- By a more than 5 to 1 ratio, employees prefer to work for a CEO who uses digital and social media.
- 60% of employees considering joining a company will research a CEO’s social media accounts.
- By a margin of 9 to 1, financial readers trust a connected leader more than a CEO who does not use social media as part of their work.
What should CEOs and other C-suiters be doing on social media (and where)?
One of the primary ways executives can use social media is thought leadership. Sharing knowledge about industry trends and promoting events and talks about relevant issues are a good place to start, says Social Media Today. The Influential Executive recommends LinkedIn as a good place to be for executives who want to establish their knowledge credentials, noting that the article section “allows executives to share long-form content that can better help build their professional credibility within their industry.”
Influential Executive’s survey of Fortune 500 companies found that 94% of CEOs who had a social media presence were on LinkedIn, probably because the platform is a good place to foster business relationships and tap into new audiences. “Your C-suite social media strategy should include time to reach out to and engage with peers, industry leaders, or potential partners,” says Social Media Today.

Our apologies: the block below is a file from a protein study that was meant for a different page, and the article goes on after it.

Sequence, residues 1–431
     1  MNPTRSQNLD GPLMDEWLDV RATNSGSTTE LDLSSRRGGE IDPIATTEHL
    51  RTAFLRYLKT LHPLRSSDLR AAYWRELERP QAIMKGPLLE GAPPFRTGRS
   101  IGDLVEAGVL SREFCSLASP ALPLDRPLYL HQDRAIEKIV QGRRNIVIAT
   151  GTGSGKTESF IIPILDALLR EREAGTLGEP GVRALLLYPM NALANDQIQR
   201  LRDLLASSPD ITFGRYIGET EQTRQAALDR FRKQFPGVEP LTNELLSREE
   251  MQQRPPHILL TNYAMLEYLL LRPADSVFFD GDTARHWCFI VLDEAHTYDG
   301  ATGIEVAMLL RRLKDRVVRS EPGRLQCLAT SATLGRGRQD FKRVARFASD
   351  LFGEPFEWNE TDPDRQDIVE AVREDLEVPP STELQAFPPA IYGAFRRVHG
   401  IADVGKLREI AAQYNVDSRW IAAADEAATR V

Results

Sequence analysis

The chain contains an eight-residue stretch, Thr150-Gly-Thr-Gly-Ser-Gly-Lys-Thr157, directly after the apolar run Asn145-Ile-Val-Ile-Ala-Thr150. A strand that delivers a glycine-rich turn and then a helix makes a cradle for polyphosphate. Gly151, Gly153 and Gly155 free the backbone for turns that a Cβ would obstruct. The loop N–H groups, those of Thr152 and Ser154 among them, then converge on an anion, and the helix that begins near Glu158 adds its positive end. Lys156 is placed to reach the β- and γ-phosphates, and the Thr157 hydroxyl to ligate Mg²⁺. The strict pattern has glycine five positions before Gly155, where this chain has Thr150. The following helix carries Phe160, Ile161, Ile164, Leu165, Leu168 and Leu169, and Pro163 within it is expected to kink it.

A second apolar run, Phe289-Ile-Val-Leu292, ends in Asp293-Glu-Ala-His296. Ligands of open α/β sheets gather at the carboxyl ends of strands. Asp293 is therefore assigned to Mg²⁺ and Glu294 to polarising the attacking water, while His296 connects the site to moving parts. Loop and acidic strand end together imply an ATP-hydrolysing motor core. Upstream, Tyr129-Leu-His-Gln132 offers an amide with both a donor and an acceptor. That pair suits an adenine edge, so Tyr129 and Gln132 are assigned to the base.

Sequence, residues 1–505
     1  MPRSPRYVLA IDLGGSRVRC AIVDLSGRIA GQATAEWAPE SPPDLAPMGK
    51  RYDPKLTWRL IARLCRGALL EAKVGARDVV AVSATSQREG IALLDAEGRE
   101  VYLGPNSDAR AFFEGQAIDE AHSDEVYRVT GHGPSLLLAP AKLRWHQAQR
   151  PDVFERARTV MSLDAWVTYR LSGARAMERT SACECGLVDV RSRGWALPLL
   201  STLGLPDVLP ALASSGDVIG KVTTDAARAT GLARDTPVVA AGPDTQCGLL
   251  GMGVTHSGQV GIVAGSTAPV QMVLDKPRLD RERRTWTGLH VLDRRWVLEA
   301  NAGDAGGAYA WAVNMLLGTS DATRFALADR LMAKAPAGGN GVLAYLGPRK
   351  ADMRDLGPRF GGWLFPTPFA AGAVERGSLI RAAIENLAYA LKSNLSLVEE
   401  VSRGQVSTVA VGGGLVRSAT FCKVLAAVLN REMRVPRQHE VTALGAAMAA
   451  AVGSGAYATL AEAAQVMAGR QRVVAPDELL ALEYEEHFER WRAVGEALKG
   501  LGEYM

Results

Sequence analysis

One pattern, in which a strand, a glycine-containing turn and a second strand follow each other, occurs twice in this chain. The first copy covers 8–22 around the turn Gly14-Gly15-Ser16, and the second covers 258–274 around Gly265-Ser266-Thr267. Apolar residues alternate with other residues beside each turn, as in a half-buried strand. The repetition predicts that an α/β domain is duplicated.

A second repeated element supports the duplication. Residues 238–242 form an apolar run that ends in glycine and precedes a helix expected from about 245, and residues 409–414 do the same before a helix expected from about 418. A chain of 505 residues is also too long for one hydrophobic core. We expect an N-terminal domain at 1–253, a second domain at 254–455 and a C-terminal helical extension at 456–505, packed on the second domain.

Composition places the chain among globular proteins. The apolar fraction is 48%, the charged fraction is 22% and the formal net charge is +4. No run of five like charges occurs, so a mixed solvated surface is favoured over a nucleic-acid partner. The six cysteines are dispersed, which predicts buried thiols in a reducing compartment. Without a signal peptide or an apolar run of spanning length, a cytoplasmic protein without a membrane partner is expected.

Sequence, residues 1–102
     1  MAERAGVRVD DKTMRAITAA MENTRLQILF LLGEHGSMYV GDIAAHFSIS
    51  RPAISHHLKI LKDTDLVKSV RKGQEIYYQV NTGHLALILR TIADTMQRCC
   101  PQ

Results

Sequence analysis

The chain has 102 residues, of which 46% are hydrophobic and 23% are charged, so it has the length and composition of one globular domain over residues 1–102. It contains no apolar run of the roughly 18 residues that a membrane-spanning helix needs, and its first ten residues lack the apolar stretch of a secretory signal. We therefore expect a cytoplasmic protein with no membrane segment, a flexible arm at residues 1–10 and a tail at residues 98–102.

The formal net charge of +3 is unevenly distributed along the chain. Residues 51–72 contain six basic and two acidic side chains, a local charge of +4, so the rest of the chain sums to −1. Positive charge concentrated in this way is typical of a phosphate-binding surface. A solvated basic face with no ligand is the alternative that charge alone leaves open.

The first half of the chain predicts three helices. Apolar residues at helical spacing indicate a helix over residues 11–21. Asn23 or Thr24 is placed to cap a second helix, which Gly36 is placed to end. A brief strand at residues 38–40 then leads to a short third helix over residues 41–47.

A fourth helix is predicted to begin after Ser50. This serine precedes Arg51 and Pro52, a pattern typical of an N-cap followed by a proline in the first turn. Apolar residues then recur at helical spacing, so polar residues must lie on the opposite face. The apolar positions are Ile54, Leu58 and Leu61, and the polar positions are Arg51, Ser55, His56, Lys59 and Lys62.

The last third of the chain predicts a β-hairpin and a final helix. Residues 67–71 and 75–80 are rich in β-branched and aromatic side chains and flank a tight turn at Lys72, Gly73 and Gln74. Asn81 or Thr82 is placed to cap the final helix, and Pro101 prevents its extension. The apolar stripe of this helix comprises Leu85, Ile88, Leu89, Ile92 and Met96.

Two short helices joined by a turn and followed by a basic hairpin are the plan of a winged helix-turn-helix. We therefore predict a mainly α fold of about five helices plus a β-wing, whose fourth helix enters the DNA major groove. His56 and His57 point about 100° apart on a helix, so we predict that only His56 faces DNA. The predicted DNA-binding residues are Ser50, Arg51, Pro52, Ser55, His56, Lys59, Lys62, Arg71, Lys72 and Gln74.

All social media platforms can be used in one way or another to articulate company vision and to support the company brand, with Facebook being particularly good to reach a broad, older audience. Instagram is a good place to reach young people – but is heavily dependent on having good images to share. Executives who are pressed for time might consider using Twitter, where short-form content is required and which can be used to share concrete news and announcements from the company.
Social platforms are also a good place to building relationships with the media. Journalists will look to social media as a tool to locate individuals with information and/or insight. Engaging on social media can validate depth of knowledge to a reporter and exhibit a willingness to provide meaningful insight. Reporters are also flooded with email pitches and calls to sift through daily, so being able to communicate with others on social media (direct messaging on Twitter, for example) can help eliminate the misfortune of getting lost in an email inbox.